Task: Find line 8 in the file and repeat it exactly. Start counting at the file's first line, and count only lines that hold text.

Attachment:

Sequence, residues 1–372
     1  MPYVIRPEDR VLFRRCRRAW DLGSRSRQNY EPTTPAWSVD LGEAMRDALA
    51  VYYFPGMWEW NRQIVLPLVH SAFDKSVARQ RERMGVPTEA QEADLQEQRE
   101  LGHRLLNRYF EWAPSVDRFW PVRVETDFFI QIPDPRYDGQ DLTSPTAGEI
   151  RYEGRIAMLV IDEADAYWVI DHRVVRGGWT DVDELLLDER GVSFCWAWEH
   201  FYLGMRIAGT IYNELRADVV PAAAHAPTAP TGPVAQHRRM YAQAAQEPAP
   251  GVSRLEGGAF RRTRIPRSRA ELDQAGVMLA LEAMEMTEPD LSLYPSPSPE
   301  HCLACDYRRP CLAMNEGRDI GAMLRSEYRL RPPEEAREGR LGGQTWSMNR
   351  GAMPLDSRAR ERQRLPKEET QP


   301  HCLACDYRRP CLAMNEGRDI GAMLRSEYRL RPPEEAREGR LGGQTWSMNR